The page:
Six bids, one day. It was like the 1980s and the fictional Wall Street world of Gordon Gekko all over again. Multibillion-pound offers for some of the planet's biggest companies last Monday could potentially have marked the start of a fresh bull run for stock markets in the developed world.
Tom Stevenson, from the fund management group Fidelity, said: "Six bids in one day is a pretty good indication that company managements have regained the confidence to go out looking for opportunities to grow their business."
No wonder the front page of the free Square Mile newspaper City AM screamed "Deal Frenzy" as a result. But how can you as a private investor, with long-term objectives in mind, benefit from what could be a revival in big deals in corporate Britain, America and other parts of the globe?
In some ways it is best to take it quite easy – just invest over time with steady fund managers and enjoy the almost inevitable uplift in general stock market values that comes from a fresh round of mergers and acquisitions.
Investing smallish amounts over a long period will also help you smooth out the peaks and toughs of investment performance as that approach takes market timing out of the equation.
But there is another course of action, which is to look at fund managers that are quick on their feet, have a proven track record and also a free enough hand to make the most of any "deal frenzy".
According to Jason Hollands of the financial adviser Bestinvest, such speed of reaction is normally the preserve of hedge funds – out of the reach of all but a handful of investors. But there are ways to gain access to this universe, he said. "There used to be a UK-listed fund of hedge funds with an event- driven mandate, but it got wound up a few years ago. The nearest option I can think of would be to invest in London-listed Alternative Investment Strategies, an investment company which invests in a portfolio of hedge funds."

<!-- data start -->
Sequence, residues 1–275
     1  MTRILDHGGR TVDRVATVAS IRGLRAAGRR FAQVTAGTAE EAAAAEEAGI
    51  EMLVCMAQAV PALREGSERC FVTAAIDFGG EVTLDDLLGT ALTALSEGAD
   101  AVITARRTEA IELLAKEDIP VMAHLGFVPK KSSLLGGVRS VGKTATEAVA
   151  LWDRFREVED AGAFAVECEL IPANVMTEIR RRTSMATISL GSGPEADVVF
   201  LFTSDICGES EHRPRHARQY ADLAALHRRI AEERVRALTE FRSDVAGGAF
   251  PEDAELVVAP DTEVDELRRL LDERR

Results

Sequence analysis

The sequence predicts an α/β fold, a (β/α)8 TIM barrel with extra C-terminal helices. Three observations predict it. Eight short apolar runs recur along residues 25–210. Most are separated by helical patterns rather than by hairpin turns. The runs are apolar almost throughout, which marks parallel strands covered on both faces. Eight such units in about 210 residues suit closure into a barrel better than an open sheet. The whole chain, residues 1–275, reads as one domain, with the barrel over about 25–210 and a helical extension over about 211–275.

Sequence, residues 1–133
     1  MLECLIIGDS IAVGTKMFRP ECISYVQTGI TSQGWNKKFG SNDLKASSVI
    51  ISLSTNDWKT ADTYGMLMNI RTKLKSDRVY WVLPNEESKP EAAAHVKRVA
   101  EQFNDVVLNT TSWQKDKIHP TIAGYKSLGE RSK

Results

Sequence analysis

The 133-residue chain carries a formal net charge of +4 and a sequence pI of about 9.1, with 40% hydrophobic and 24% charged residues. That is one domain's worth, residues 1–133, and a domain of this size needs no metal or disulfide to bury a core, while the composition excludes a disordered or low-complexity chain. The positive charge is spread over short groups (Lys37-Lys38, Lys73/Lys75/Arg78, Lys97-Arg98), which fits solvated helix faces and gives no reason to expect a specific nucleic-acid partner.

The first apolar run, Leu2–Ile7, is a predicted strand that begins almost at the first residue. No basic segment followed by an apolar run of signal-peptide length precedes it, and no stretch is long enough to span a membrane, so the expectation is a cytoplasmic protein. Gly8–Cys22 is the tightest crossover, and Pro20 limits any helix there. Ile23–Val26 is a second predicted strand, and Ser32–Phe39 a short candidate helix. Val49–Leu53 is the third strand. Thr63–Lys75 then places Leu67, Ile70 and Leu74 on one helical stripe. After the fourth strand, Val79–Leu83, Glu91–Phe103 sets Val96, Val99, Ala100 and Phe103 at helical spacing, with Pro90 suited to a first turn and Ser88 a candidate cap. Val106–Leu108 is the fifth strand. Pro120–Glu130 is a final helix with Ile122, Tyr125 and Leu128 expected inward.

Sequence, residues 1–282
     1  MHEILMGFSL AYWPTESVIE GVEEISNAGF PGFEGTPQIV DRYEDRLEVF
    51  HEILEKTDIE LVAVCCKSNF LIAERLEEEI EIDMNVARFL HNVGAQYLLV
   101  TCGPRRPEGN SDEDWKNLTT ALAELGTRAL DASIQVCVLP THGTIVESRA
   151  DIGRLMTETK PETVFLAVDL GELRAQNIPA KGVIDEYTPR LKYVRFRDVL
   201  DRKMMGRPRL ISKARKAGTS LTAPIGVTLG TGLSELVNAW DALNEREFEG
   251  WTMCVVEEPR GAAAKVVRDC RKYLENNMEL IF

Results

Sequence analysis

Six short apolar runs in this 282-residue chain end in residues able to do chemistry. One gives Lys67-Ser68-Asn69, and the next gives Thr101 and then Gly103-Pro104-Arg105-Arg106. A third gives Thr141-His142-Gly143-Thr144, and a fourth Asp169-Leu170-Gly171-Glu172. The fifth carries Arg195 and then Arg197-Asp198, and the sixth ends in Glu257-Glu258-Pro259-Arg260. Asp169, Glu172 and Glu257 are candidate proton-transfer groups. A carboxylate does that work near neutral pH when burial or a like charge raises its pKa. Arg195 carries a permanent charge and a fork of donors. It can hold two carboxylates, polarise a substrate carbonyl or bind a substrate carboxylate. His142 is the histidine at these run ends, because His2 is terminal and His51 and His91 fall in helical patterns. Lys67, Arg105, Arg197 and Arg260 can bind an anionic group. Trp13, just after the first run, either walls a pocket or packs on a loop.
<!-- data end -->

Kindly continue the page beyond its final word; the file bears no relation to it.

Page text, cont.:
Another alternative is to look at funds that invest in a sector being tipped for major merger and acquisition activity. "We think M&A might be a feature in particular sectors, such as the small-cap end of the tech space," said Mr Hollands. "Bigger US tech names currently have strong overseas cash balances that are earning little in the way of interest and which would be subject to a higher rate of tax if repatriated.
"A fund that might therefore benefit from such activity would be Herald Investment Trust, which invests in smaller tech companies, primarily in the UK.
"Another area that might excite some interest is retail, given the news that Sports Direct has taken a stake in Debenhams.
"For example, AXA Framlington UK Mid Cap has a top 10 holding in Sports Direct, which has previously gobbled up parts of former rival JJB Sports," Mr Hollands added.
Because of the structure of most investment funds – a large number of shares held to spread risk – a manager getting a bet right on a merger or acquisition may not affect the overall return to investors by much. It may increase the kudos of the manager among his or her peers but generally it will be barely registered by most investors.
Nevertheless, as Patrick Connolly at the adviser AWD Chase de Vere explained, it is still worth looking at managers who buy a basket of shares in a merger and acquisition hotspot.